Nathan (vovat) wrote,

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Totally Tantalized

In Greek mythology, Tantalus was a son of Zeus and Pluto. No, not the god Pluto, but a nymph of the same name. He was a king somewhere in Asia Minor (different sources identify his domain as Sipylos or Paphlagonia), and made his way into the gods' good graces. He ate at their table, but stole food from it to share with mortals, which the Olympians obviously didn't care for. I believe some sources say that was his main crime, but the more famous version of his biography has Tantalus going on to do something much more heinous. He kills and cooks his own son Pelops and serves him to the gods. The Fate Clotho was able to revive Pelops, but since Demeter had eaten his shoulder, he had to make do with an ivory one made by Hephaestus.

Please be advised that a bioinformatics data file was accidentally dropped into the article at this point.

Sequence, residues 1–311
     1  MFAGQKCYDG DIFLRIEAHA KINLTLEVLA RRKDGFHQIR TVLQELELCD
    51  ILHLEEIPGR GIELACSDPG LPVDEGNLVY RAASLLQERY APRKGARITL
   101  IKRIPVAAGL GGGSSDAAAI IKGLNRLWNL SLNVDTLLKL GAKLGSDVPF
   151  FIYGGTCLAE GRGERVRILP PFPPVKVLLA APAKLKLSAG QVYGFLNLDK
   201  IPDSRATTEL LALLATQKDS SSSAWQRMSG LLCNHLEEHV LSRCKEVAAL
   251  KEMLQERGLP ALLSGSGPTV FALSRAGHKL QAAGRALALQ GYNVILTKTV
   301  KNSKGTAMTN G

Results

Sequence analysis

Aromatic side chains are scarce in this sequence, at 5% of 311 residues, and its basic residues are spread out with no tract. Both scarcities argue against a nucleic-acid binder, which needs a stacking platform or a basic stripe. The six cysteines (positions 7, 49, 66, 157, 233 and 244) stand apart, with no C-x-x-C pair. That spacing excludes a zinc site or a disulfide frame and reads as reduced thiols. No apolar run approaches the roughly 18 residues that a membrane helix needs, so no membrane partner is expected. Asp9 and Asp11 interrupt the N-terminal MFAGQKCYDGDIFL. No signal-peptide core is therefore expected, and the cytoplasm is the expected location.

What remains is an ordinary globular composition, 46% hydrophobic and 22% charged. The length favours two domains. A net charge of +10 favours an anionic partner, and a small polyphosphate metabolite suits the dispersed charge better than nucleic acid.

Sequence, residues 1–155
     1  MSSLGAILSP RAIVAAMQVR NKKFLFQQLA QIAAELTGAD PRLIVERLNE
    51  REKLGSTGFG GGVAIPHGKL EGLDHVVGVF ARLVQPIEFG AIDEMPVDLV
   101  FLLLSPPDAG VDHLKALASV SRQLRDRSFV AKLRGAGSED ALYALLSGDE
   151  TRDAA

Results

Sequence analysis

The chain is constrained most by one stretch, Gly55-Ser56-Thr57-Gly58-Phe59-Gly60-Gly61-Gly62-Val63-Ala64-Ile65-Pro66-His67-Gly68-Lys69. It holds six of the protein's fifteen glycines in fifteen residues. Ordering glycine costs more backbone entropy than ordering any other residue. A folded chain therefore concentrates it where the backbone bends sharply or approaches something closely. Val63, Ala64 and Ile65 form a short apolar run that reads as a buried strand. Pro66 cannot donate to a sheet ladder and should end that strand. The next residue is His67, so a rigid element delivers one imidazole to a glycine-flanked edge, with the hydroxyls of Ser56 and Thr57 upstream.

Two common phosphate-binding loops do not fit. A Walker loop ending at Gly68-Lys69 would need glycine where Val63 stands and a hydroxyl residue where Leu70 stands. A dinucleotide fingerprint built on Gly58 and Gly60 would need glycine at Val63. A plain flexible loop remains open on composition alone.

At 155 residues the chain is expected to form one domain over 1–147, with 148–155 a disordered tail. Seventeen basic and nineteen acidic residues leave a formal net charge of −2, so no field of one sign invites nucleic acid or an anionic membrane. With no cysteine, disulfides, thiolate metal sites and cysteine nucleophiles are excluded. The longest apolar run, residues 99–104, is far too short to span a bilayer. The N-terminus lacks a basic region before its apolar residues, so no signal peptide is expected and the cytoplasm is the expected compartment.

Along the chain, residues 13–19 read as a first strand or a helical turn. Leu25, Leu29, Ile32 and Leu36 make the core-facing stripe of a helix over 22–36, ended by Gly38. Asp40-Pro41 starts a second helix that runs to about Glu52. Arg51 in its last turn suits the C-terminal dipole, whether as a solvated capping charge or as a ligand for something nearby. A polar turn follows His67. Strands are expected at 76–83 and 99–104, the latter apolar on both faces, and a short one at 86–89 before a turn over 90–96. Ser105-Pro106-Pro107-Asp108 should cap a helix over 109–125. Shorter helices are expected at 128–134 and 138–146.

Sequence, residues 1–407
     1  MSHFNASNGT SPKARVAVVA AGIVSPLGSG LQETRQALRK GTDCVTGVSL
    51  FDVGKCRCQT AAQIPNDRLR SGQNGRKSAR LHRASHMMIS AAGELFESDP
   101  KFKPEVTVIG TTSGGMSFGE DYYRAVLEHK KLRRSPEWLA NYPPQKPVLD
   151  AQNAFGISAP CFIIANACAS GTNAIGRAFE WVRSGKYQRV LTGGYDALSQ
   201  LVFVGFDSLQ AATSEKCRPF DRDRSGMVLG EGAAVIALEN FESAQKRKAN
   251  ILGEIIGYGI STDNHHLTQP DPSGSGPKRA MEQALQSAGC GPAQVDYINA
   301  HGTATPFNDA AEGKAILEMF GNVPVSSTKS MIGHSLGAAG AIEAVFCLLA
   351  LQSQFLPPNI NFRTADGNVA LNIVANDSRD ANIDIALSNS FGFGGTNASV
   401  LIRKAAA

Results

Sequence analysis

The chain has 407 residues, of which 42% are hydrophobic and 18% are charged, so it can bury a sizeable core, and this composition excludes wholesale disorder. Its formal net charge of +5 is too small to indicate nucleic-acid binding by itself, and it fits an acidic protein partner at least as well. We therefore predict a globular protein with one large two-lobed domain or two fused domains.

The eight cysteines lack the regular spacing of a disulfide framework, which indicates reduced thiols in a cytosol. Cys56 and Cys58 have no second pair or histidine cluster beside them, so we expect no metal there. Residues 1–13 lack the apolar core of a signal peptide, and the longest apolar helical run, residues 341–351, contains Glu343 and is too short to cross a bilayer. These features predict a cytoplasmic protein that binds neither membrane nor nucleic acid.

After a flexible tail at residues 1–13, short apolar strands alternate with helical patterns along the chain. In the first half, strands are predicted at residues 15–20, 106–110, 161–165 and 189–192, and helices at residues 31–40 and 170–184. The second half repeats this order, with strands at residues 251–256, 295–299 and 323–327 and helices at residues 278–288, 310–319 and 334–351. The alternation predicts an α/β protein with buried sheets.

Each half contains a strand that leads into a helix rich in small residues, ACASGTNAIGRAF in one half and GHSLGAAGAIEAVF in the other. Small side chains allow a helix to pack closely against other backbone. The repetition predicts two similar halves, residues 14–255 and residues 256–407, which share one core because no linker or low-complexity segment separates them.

When he died, Tantalus was sent to Tartarus, the part of the Underworld reserved for the truly awful. He was kept chin-deep in water with fruit trees above his head, but when he tried to reach for either the fruit or the water, it would recede from him. As bad as that would be, I have to suspect that he would have just stopped trying after a few years or so. Perhaps being aware of this, some mythologists also said that there was a boulder hanging above the son-slaughtering king's head. Tantalus, by the way, appears in the second Percy Jackson book, in which his inability to touch food is treated in a rather comic manner.

Tags: mythology, percy jackson
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